Ravik, do you think if you knew this definition beforehand you would have been looking for those details, or is there something 'else' that catches your eye and lets you know that you are looking at good -v- poor graphics?

(i hesitated to use the word 'poor' as what they did at the time was typically the limits of what the medium could bear.)

Tue Sep 13 2011 5:57AM Report
KenFisher writes:

Compare two people:

I have a family member with extensive education in fine art.  She looks at an image and sees color, layout, style, mood, and factors that I couldn't understand let alone explain.

My background is in technology.  I look at an image and see models, special effects, lighting, and rendering.

In comparing the two people bias from "self" is unquestionable.

Using this image as an example:

She might look at this and see an image approaching art.  Without a doubt, she would take in the image as an educated observer and point out things she feels from it and changes she feels could improve it.

I look at that image and see significant technical faults.  The light from the fire illuminates the tree and rock, but not the ground nor grass immediately next to it.  There is no smoke from the fire.  There is haze on the distant mountains but yet no haze on the backdrop sky.  There are downward shadows on the ground, but yet the main lightsource is the moon very low on the horizon.

disclaimed:  I've nothing against Rift.  The artwork and style is superbly done.  I just find the technical presentation lacking mostly likely due to a last-generation engine being pushed to do what it cannot.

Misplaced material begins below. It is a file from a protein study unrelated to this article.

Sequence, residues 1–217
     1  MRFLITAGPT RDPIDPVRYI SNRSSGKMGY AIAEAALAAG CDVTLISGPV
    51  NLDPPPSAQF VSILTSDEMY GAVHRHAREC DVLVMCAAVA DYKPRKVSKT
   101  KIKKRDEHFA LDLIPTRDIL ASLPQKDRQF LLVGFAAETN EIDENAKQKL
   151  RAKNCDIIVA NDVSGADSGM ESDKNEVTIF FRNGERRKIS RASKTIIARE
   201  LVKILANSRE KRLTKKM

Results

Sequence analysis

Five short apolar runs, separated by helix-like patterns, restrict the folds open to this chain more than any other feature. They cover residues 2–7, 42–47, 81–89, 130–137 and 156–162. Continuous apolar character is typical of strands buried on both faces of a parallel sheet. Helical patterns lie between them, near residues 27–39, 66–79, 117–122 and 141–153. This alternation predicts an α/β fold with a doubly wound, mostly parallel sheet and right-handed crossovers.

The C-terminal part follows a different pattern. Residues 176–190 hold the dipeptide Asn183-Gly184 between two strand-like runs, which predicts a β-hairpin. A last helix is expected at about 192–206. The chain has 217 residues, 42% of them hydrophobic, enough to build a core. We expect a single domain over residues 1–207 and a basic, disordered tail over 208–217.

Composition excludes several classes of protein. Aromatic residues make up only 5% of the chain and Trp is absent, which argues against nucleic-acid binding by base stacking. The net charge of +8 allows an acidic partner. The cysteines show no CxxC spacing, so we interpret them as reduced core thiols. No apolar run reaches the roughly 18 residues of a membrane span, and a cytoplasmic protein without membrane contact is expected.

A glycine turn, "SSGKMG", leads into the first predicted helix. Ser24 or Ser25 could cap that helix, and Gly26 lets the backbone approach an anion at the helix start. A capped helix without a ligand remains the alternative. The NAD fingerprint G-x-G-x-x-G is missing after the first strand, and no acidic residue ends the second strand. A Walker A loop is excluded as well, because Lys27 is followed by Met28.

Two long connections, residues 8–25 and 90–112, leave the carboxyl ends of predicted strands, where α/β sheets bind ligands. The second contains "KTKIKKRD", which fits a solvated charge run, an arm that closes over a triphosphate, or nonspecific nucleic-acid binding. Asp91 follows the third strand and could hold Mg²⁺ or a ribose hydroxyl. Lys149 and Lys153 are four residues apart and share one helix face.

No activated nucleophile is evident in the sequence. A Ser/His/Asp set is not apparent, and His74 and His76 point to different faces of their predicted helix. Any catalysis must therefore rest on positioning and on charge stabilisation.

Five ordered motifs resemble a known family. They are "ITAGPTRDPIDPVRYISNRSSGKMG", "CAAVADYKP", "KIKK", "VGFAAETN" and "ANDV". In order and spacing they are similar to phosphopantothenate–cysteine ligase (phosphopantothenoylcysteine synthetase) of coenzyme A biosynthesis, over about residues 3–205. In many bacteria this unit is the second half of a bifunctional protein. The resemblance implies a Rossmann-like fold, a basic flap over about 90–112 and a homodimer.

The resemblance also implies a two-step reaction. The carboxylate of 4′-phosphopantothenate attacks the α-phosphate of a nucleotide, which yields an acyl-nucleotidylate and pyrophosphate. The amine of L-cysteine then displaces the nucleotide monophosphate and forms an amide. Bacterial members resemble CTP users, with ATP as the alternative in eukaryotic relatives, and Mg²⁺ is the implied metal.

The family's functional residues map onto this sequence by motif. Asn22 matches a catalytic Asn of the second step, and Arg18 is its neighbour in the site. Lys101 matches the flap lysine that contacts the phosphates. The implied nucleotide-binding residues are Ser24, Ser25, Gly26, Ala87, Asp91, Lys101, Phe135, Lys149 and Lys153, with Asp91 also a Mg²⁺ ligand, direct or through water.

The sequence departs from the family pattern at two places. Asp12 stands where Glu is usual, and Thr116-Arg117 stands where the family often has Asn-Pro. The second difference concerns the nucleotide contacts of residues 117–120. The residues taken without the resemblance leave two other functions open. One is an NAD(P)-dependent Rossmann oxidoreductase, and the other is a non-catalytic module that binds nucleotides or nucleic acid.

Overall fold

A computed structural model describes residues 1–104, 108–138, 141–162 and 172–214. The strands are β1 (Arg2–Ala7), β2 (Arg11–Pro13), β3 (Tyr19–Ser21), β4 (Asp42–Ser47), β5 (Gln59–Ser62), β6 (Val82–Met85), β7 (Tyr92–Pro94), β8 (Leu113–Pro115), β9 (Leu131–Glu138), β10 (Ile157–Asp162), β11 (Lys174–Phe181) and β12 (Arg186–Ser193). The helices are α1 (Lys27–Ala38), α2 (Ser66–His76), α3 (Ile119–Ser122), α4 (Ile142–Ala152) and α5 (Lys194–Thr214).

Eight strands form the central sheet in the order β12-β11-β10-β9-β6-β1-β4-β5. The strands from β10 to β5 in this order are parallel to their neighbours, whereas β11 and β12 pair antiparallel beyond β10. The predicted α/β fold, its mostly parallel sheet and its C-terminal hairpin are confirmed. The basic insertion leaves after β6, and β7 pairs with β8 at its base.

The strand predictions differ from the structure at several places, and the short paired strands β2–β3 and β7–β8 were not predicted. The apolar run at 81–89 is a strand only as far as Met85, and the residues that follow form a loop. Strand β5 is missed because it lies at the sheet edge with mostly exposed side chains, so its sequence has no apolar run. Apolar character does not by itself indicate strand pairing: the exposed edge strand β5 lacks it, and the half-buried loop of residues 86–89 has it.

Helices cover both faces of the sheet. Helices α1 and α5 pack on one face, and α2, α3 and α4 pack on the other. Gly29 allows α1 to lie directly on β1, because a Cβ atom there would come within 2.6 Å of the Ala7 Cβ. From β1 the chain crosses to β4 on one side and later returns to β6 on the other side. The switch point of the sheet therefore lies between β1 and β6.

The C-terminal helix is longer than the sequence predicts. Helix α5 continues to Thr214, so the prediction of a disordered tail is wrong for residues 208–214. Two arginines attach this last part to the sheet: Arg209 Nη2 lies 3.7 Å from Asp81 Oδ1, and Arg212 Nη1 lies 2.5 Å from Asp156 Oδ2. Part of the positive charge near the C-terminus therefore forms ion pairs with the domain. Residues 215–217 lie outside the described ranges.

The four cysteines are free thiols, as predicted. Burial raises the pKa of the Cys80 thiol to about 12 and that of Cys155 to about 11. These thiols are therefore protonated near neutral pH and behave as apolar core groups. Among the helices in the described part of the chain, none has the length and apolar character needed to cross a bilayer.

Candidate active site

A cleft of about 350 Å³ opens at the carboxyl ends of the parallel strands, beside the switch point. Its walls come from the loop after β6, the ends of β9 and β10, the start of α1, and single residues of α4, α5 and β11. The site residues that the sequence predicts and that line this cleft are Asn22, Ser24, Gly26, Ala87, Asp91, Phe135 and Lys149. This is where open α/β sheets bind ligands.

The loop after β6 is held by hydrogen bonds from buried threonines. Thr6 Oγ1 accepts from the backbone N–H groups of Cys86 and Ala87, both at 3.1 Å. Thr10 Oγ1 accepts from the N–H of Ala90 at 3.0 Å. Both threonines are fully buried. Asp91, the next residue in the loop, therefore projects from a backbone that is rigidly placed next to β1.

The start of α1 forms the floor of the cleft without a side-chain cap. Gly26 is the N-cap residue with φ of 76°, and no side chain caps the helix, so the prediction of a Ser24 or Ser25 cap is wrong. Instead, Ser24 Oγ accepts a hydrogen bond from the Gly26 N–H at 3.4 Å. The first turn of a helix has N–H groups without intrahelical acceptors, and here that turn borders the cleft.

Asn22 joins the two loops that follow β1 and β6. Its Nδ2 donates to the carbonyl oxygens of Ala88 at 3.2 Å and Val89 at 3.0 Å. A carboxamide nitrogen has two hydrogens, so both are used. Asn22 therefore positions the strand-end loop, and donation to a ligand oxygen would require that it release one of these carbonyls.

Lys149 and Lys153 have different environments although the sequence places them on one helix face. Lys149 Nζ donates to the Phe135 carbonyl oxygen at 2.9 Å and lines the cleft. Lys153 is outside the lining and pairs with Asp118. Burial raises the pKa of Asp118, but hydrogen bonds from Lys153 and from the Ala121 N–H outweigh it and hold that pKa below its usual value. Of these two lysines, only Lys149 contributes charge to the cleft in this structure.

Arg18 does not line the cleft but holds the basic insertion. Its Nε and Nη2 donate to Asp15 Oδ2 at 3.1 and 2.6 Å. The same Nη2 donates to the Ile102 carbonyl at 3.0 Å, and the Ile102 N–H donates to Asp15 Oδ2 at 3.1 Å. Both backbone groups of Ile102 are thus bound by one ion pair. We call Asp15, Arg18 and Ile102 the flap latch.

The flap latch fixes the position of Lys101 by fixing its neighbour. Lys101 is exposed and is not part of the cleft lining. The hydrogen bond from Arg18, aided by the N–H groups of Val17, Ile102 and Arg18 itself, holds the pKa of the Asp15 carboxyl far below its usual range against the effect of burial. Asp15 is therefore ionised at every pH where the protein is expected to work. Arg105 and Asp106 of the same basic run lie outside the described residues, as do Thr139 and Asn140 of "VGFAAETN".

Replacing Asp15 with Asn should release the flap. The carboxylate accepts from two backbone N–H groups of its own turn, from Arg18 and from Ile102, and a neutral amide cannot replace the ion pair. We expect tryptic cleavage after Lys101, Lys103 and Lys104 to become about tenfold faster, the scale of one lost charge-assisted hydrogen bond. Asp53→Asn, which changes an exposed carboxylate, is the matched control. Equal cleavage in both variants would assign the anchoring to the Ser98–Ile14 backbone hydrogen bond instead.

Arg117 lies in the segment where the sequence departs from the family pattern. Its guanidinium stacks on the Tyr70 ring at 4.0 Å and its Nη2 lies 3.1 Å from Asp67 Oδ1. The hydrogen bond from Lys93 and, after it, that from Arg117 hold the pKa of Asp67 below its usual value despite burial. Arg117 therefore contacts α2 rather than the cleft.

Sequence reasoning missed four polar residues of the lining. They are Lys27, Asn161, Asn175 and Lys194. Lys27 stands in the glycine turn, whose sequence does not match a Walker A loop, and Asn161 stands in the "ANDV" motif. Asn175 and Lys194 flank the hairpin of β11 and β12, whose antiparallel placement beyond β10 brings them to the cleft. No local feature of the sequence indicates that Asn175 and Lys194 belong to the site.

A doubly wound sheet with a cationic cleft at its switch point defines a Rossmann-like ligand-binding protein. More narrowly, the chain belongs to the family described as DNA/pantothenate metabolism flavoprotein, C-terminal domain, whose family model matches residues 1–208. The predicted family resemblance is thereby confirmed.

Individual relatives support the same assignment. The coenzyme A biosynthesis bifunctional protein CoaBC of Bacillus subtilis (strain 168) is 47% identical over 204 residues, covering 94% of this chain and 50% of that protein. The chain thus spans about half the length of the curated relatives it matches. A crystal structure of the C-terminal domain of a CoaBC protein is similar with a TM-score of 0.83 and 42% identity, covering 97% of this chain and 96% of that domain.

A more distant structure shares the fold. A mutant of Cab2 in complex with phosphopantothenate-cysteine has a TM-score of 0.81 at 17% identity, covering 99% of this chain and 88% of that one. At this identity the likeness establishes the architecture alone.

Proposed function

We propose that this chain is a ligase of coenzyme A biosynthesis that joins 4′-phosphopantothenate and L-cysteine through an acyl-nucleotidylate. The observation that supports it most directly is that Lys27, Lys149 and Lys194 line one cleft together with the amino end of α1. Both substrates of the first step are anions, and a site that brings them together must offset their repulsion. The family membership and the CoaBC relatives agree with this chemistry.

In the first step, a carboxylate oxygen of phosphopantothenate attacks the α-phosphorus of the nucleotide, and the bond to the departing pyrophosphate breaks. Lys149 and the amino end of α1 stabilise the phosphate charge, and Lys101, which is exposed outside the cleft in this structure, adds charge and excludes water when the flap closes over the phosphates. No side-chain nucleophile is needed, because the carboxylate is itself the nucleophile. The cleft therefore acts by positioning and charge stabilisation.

Beauty is in the eye of the observer.  From that one can infer that ugly is also highly subjective.

Along these lines, I happen to agree with Ravik about FFIV.  The artwork, rendering and general graphical presentation does an excellent job of fitting together.  A combination of multiple elements producing a whole.

On the other side, I have no doubt that a Rift fan would be quite pleased with the image that I find faulty.  Perhaps this bias from within has us seeing two completely different images.  To them it is a reminder of a game with strong art style.  To me an old engine that doesn't quite cut it as "next-gen".

Tue Sep 13 2011 7:11AM Report
KenFisher writes:

Pardon the 2nd post.  I wish there was an edit.

One thing to keep in mind.  Asking a programmer about art is just about as risky as getting your gardner's opinion on an appendix operation.  :-)

Tue Sep 13 2011 7:58AM Report
aspekx writes:

well yes and no. after all its mmo's we are talking about here. if the art can't be handled or animated well by the code, then we have more than one problem going on.

more importantly i think its worth pondering what aspects we are seeing that make us exclaim, Well done!

(and yes i wish there were an edit button as well =)

Tue Sep 13 2011 6:42PM Report
RavZterz writes:

ActionMMORPG """On the other side, I have no doubt that a Rift fan would be quite pleased with the image that I find faulty. Perhaps this bias from within has us seeing two completely different images. To them it is a reminder of a game with strong art style. To me an old engine that doesn't quite cut it as "next-gen"."""

This really says it all.  Looking good and having next gen graphics don't have to go hand in hand.  2D platformers are still being made today with the same look and feel from 12 years ago. 

I'm not sure which mmo people were saying looked outdated, chelan, but if you post a picture I could tell you if it looks older or if people are most likely complaining about the style.  Kinda funny I posted a similar topic about game visuals a few days ago.

Tue Sep 13 2011 7:46PM Report
aspekx writes:

i completely agree with you both on this. it is a study in aesthetics, how and why people feel something is beautiful or interesting or well made or not is at this point unanswerable, and may remain that way.